10 misconceptions about tax residence in France

It is clear there are some common misconceptions out there regarding whether you have to pay tax in France or in the UK. I have seen this in my dealings with prospective and actual clients.

I am thinking in particular of people who fall into two broad groups:

  • You have always lived in the UK and then move to France; or
  • You live in the UK and rent out a second home in France.

These two groups represent the two main reasons why you may have to pay tax in France or in the UK. In a nutshell, having to pay tax in either country is triggered because:

  1. You are resident for tax there: you will probably pay tax on your worldwide income in your country of residence.
  2. You receive income (or capital gains) from there: you may have to pay tax in the country where your income comes from (for example rental income from a property in that country).

I have used expressions like ‘probably’ and ‘may have to’ as, in practice, things are not always straightforward.

For example, if there is a double tax treaty in place between the countries, this can override the country’s own law.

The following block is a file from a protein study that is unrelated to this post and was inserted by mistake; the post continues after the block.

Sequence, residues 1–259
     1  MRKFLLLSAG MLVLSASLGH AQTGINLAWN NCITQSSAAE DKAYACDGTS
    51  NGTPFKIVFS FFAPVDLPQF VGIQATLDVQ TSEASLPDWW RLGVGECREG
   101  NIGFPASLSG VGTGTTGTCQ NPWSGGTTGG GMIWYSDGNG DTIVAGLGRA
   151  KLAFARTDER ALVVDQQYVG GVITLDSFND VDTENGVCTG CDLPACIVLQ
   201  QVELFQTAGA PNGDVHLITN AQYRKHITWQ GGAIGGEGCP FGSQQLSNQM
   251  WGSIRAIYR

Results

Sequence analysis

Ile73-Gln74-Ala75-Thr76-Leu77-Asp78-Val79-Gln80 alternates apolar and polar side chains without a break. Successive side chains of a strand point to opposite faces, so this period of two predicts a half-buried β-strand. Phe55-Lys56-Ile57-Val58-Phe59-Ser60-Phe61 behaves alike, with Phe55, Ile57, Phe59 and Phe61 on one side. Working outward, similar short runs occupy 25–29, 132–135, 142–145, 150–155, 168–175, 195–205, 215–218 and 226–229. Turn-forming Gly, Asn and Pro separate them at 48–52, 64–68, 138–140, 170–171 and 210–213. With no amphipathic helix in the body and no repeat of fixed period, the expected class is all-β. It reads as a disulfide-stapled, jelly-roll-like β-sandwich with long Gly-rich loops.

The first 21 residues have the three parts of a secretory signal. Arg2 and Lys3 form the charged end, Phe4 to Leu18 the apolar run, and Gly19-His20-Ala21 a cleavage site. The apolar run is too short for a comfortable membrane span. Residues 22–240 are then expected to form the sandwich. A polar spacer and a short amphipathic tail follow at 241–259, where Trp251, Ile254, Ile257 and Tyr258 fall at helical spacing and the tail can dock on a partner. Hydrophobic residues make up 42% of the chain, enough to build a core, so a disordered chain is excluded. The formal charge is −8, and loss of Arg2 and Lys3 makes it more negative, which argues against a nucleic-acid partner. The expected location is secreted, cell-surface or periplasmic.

Also, in the UK there is a concept called ‘domicile’ (different from residence), which can affect whether you pay tax or not. This will not be relevant to the vast majority of UK nationals who will also be UK domiciled. In what follows, I am assuming that you are UK domiciled

One important note. Most people just want to get things right and ensure they do not have any nasty surprises. It is also clear to me at the start of our conversations that many have strong opinions on what they should do, often based on what they feel is common sense or fair. In my experience, if you wish to stay on the right side of the law in the UK and France, it is essential to put your personal opinions aside and follow the rules as they are written. In both countries, not declaring income you are supposed to is tax evasion and is considered a criminal offence. Getting it wrong may not only mean the hassle of trying to sort out a problem which could go back many years, but you may also face fines. In clear cases of deception, it may lead to imprisonment.

The following examples will give you a good sense of how the residency rules work in France and in the UK.

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